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Using The District Guide
Connecting the School Guide and the District Guide
The School Guide contains information and resources on topics that may help districts support individual schools in their EOP planning and development. This District Guide provides references to specific sections and pages of the earlier guide that are particularly relevant for district-level work. However, the School Guide does not discuss some of these topics at length or in a context that is most useful for district-level educators; this District Guide fills in needed information and serves as a companion to the School Guide.
Additionally, the six steps described in this guide, as well as the principles underlying these six steps, are the same for both school-level and district-level planning teams.
An Overview of the Six-Step Planning Process
These six steps were originally developed by the Federal Emergency Management Agency (FEMA) and today are used by emergency management professionals throughout the country. Beginning with the School Guide, this process has been customized to educational entities for use with their community partners.
The six steps serve multiple purposes, which include guiding the creation of new EOPs as well as supporting continual maintenance, expansion, and improvement of existing EOPs. The process may be used to develop a plan, perform a comprehensive review of a plan, and conduct periodic and incremental reviews of a plan’s components. The six-step planning process is flexible and can be adapted to accommodate the unique characteristics and situation of a school or school district.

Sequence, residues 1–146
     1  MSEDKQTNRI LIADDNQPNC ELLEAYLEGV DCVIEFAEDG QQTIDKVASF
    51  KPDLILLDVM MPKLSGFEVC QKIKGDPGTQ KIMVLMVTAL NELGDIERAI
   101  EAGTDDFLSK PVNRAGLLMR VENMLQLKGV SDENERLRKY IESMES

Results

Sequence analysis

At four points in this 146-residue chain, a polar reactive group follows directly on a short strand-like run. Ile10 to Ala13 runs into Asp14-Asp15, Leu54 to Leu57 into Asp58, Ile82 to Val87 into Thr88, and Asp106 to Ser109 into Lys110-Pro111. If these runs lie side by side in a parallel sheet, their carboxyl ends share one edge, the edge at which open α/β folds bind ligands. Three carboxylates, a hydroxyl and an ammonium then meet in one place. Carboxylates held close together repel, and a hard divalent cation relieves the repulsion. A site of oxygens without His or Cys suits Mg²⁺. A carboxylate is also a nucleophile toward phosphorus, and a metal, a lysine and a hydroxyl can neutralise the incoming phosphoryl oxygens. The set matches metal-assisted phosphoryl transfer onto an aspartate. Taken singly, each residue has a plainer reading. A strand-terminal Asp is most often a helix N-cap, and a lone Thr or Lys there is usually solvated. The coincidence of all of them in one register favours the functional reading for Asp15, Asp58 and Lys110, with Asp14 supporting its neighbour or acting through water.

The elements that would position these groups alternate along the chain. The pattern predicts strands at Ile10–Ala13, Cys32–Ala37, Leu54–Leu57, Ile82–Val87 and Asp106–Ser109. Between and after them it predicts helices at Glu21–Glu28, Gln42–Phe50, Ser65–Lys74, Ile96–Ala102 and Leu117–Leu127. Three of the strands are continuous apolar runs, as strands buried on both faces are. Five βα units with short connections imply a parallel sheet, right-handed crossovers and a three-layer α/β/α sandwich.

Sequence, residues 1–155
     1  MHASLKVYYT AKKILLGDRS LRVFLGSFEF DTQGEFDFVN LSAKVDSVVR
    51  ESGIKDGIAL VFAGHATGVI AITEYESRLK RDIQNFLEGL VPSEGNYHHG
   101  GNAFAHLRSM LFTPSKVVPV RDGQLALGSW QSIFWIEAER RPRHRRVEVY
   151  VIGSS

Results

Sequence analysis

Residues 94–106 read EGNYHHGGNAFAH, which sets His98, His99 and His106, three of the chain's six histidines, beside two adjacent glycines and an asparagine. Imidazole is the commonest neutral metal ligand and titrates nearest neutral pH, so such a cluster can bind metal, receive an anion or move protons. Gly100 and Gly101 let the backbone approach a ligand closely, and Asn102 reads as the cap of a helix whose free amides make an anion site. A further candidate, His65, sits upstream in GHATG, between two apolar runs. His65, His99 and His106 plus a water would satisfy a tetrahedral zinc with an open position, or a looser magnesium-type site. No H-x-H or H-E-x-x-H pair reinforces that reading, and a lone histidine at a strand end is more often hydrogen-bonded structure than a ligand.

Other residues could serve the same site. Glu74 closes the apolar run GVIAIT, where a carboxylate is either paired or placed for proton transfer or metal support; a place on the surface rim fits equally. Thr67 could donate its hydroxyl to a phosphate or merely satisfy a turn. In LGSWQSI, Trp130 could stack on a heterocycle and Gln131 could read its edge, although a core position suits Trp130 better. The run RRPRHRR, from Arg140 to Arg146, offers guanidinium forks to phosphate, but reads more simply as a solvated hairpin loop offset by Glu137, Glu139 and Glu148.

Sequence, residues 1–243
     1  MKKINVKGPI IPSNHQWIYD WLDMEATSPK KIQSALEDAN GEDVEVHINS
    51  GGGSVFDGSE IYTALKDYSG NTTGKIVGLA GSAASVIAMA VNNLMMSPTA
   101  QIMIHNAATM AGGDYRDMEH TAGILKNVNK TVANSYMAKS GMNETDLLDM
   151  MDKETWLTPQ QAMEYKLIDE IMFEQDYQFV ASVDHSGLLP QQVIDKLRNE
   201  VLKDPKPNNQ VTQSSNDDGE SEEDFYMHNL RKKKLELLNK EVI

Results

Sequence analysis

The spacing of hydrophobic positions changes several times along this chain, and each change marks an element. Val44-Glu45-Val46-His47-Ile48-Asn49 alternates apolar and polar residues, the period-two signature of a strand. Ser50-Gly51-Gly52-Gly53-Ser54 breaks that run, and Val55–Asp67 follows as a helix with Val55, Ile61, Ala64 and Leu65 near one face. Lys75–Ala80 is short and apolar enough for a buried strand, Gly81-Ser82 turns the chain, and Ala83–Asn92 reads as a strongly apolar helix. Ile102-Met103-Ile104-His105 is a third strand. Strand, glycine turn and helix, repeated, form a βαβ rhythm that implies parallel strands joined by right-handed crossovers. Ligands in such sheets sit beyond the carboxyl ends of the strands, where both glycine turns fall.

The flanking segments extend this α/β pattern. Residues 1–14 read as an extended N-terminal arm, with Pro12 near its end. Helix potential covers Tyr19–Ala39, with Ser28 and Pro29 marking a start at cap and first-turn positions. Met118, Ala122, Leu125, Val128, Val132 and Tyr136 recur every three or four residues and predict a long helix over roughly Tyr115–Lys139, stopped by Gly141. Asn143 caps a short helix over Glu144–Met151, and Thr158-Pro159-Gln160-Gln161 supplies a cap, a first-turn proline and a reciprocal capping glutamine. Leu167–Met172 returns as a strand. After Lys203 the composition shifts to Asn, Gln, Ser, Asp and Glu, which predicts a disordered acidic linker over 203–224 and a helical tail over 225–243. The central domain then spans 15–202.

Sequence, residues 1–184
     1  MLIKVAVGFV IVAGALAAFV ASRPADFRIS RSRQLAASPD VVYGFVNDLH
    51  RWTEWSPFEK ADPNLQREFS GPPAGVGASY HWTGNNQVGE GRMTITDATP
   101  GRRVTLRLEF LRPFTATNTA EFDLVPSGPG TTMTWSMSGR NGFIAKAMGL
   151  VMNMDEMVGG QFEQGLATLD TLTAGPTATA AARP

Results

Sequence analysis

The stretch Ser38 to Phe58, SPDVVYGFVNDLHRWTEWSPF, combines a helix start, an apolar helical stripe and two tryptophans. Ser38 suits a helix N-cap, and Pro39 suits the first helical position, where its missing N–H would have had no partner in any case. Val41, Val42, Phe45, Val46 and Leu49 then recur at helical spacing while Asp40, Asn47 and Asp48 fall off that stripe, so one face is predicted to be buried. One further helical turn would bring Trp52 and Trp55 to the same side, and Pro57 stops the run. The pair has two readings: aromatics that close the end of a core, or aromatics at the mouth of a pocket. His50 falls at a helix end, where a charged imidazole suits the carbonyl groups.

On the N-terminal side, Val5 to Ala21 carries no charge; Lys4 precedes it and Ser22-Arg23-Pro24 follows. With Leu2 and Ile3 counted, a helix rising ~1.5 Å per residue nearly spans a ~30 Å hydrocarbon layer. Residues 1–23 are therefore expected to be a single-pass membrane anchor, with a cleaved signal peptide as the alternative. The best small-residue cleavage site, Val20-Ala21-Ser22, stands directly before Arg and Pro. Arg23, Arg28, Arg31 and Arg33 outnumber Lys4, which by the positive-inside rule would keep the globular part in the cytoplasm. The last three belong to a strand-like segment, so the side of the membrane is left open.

Steps in the Planning Process
- Form a Collaborative Planning Team
- Understand the Situation
- Determine Goals and Objectives
- Plan Development (Identifying Courses of Action)
- Plan Preparation, Review, and Approval
- Plan Implementation and Maintenance
Using the six-step planning process from the School Guide as a framework, this District Guide recommends actions that districts can take to develop districtwide policies and procedures to guide schools in developing their individual EOPs. The district’s work regulates the schools’ planning activities and helps schools develop customized plans by providing each of them with a master list of threats, hazards, functions, goals, and objectives.
Ideally, the district would complete its work before its schools begin their planning, but, whether or not this is the case, districts should develop policies and procedures for use by the schools. A district plan conveys to schools the vital importance of planning activities — for example, forming a district core planning team and guiding schools to complete their own planning can be conveyed as an expectation through district policy.
An Overview of Planning Principles
In addition to describing the six-step planning process, the School Guide presents planning principles, which are key to developing a comprehensive school EOP that addresses a range of threats and hazards. It is important that schools and districts alike keep these planning principles in mind as they proceed through the planning:
- Planning must be supported by leadership.
- Planning uses assessments to customize plans to the building level.
- Planning considers all threats and hazards.
- Planning provides for the access and functional needs of the whole school community.
- Planning considers all settings and all times.
- Creating and revising a model EOP is done by following a collaborative process.
School districts have a role in implementing these principles at the district level by
- Establishing policies and procedures;
- Providing training and technical assistance related to these principles; and
- Assisting schools in applying these principles within each building.